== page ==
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Recent comments from Rep. Henry J. Hyde, R-Ill., the man who is overseeing the House's impeachment review, leave the troubling impression that he is either playing politics with an enormously serious situation or being directed by behind-the-scenes powers.

Either way, his actions threaten to prolong a situation that can only work against the interests of a country desperately in need of strong leadership on an array of foreign and domestic issues.

Recently, Hyde said he was not looking to widen the scope of the investigation beyond Independent Counsel Kenneth W. Starr's report. Then he backed off that by saying the Judiciary Committee, of which he is the chair, was not limited to considering only material from Starr. Now, Hyde says the committee may consider information on President Clinton's campaign financing from his 1996 re-election campaign.

Why is there such confusion? Perhaps Hyde is trying to simultaneously play to the GOP's core constituency, which wants the president impeached under any circumstances, and the growing number of Americans who are sick of the whole matter and just want the country's leaders to move on.

Or maybe the reason is that Hyde really thinks one thing, and then is pulled in a different direction by another force. The name of Newt Gingrich pops easily to mind here.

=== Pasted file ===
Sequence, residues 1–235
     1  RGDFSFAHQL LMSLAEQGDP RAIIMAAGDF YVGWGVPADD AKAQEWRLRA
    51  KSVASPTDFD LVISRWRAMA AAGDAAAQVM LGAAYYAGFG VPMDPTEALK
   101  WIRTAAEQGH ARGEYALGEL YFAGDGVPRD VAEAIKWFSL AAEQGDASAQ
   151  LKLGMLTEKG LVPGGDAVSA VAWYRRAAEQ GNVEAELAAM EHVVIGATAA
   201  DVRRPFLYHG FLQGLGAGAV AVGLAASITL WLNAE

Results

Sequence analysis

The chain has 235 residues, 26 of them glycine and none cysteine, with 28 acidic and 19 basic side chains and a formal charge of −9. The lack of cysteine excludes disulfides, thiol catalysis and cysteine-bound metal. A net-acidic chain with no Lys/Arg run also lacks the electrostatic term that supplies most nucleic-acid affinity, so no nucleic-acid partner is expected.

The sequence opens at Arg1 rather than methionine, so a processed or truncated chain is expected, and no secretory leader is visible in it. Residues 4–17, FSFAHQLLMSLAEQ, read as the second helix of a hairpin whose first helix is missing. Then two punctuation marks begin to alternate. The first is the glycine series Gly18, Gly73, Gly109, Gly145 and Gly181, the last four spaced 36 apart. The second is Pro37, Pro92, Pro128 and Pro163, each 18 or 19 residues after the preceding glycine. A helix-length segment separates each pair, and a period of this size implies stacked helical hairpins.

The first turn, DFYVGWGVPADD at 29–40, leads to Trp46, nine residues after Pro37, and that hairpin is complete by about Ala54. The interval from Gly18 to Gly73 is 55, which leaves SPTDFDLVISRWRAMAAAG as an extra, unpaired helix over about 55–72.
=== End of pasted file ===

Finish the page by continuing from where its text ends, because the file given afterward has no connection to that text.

Hyde, to his credit, has made some conciliatory gestures to Democrats. But he needs to focus on the matter at hand. The only thing he and his committee should be concentrating on is the Starr report and whether anything in it constitutes grounds for impeachment. As we said before, the report is basically about sex and does not rise to the level of an impeachable offense. As the world economy teeters on the precipice of panic, Israel and Palestinians near an agreement and other urgent matters from Serbia to health care cry out for attention, Clinton needs to apply all of his energies to his job.

That's not going to happen if Hyde needlessly widens the review to superfluous matters. The debate on impeachment should center on the Starr report, not campaign finance -- unless Republicans are so eager to get rid of Clinton that they'll keep throwing charges until something sticks.

Among Hyde's comments over the last few days was this: The committee does not want to become "a catchall magnet." He ought to stick to that plan.

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